Making connections through dance and improving the quality of life for Australians with Parkinson’s.
Dance for Parkinson's Australia’s dream is to improve the quality of life of people living with Parkinson’s Disease as well as their families and carers.
This community organisation (auspiced by the ‘not for profit’ Parkinson’s NSW) offers dance classes for people with Parkinson’s Disease across Australia, where participants are empowered to explore movement and music in ways that are refreshing, enjoyable, stimulating and creative.
Dance for Parkinson’s Australia is an established organisation with qualified teaching staff and has the endorsement of medical practitioners and the support of local councils.
With 1 in every 308 people in Australia living with Parkinson’s and 37 new cases diagnosed every day, Parkinson’s Disease is a condition that will touch most Australians in some way.
Some of the key findings of research into the benefits of dance within the Parkinson’s community include: decreased rigidity, improved facial expression, improved stability gait and tremor and improved dual tasking. This is a community that can also feel isolated due to the symptoms of the illness. As the condition progresses, feelings of anxiety and isolation increase.
The program is designed to assist the broader Parkinson’s community - importantly the person affected by the disease but also their families and carers. Besides the physical benefits received through the dance program, our participants are received into an inclusive and welcoming community.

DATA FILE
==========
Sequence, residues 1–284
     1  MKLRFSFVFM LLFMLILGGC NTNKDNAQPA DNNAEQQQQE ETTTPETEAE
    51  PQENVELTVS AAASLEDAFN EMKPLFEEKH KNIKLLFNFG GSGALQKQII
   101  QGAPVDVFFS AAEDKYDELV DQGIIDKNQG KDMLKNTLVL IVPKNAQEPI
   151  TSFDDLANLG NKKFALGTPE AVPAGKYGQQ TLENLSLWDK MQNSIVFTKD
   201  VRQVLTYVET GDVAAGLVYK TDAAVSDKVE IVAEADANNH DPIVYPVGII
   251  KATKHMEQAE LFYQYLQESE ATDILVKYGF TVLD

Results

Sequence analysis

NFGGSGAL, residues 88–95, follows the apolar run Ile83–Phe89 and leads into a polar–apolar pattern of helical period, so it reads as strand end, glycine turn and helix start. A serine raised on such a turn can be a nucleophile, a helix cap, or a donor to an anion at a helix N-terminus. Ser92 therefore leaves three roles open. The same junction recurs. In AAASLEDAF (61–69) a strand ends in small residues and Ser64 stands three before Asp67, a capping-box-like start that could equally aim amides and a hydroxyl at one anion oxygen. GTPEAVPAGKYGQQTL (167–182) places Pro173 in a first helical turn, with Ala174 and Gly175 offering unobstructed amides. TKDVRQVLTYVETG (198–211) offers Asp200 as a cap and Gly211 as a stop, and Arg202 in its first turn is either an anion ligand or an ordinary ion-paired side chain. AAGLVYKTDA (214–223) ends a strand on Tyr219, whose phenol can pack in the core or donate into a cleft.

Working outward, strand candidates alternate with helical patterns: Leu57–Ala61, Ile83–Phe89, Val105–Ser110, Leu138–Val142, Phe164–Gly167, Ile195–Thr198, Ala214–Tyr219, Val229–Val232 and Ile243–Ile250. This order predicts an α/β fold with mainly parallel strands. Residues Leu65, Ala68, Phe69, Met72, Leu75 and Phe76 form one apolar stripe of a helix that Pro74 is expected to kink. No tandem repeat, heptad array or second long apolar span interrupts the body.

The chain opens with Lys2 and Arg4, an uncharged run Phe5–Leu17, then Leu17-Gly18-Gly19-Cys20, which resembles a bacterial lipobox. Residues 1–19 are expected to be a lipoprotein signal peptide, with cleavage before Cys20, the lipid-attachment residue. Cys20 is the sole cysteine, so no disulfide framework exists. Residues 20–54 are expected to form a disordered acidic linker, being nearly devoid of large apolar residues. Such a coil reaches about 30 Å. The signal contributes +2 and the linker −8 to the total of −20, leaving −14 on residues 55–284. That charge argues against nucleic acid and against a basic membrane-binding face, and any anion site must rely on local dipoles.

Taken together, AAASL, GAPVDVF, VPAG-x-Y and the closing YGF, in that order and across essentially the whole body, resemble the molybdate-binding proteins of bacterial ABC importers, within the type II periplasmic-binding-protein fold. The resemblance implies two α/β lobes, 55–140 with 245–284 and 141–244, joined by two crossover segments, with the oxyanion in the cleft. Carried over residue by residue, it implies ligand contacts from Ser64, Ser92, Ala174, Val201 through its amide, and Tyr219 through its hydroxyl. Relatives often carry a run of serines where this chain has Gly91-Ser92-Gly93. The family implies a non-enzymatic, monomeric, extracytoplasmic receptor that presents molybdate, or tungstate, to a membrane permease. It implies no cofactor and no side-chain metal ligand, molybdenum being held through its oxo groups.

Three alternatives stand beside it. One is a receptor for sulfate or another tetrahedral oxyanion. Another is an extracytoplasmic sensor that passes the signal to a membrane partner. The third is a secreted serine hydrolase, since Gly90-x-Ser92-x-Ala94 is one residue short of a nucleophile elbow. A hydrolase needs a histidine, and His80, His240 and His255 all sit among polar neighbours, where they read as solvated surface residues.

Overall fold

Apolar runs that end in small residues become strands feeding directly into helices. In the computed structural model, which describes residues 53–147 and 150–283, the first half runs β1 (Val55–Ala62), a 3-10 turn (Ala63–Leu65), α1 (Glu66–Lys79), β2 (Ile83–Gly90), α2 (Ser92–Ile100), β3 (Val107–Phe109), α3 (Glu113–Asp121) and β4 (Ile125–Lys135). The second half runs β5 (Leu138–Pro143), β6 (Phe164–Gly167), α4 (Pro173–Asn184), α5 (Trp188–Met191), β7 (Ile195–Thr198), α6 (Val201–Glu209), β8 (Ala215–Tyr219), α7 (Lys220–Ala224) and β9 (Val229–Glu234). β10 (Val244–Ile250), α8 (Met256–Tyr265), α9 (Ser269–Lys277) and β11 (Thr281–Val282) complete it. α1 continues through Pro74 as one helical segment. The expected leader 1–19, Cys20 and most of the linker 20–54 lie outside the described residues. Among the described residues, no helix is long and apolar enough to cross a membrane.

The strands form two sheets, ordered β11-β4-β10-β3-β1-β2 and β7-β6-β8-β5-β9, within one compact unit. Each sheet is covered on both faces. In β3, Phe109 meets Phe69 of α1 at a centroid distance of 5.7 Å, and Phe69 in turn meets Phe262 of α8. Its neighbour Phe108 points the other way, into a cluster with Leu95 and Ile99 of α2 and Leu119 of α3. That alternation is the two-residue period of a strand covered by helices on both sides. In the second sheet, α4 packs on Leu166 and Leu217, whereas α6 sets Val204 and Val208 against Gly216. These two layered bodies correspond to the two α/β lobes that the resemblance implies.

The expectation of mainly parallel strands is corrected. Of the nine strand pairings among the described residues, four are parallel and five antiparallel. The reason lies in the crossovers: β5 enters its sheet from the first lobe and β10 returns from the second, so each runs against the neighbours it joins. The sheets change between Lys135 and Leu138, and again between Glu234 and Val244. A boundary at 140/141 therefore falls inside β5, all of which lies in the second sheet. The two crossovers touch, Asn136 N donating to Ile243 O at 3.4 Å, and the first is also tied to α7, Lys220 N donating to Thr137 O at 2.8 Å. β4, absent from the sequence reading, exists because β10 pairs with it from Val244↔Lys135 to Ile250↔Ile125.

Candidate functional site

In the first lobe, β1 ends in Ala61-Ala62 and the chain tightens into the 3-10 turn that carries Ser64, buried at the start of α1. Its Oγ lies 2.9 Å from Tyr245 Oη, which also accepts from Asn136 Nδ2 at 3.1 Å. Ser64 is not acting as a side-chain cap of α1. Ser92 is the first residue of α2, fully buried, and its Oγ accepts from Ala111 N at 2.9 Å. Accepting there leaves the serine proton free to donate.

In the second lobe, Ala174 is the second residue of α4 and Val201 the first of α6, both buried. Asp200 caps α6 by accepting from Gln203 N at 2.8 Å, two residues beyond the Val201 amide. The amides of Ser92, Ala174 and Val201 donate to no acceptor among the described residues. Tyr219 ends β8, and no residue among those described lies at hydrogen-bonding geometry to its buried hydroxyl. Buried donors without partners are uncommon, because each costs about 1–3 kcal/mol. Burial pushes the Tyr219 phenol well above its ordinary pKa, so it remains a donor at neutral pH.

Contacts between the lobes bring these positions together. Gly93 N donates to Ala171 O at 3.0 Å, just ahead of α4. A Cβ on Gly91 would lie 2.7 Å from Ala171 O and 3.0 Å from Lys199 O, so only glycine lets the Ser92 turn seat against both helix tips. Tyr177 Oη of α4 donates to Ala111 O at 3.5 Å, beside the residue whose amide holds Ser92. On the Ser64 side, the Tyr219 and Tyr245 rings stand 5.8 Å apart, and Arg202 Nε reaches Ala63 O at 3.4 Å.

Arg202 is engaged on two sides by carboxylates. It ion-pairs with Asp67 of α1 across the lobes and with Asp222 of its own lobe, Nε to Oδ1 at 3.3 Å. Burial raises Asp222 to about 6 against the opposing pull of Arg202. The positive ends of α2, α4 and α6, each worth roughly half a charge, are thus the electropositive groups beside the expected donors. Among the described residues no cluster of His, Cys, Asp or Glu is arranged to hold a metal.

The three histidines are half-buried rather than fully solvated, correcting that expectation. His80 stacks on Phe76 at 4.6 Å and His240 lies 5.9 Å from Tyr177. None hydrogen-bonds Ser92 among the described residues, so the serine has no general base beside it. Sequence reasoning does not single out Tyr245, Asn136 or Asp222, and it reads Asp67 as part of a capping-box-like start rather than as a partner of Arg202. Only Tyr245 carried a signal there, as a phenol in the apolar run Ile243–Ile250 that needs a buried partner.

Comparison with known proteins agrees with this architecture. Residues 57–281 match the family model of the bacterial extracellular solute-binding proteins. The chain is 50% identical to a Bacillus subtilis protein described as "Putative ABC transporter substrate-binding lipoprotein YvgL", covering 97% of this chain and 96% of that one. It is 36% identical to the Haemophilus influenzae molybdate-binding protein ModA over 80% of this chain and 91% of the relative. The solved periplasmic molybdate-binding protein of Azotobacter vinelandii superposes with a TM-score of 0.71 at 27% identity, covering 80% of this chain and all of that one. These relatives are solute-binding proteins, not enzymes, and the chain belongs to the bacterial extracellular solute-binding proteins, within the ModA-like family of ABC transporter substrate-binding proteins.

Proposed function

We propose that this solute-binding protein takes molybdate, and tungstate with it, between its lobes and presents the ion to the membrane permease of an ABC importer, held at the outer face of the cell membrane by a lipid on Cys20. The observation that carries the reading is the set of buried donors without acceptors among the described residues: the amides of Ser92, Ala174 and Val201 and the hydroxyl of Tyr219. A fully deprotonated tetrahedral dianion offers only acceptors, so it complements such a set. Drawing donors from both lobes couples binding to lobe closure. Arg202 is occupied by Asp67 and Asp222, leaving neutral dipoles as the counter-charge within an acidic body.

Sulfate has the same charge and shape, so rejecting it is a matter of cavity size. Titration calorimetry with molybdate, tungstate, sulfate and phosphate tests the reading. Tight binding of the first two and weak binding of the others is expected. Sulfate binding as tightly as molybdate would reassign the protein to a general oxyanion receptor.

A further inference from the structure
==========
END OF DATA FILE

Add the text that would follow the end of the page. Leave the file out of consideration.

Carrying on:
The social aspects of the program after the class allow for information and experiences to be shared between participants and carers. This results in improved quality of life and well-being for all concerned.
A Sunsuper Dreams for a Better World grant will help Dance for Parkinson's Australia expand its current classes and launch ‘live streaming’ classes for people living in regional and remote communities.
Connecting those living with Parkinson’s through ‘live’ streamed classes and monthly live chats with teachers and other participants will reduce alienation caused by the illness and will increase social interaction, inclusion and discussion.
It will also help keep people dancing thereby improving and sustaining their mobility, overall well-being and give them the opportunity to better engage with life.
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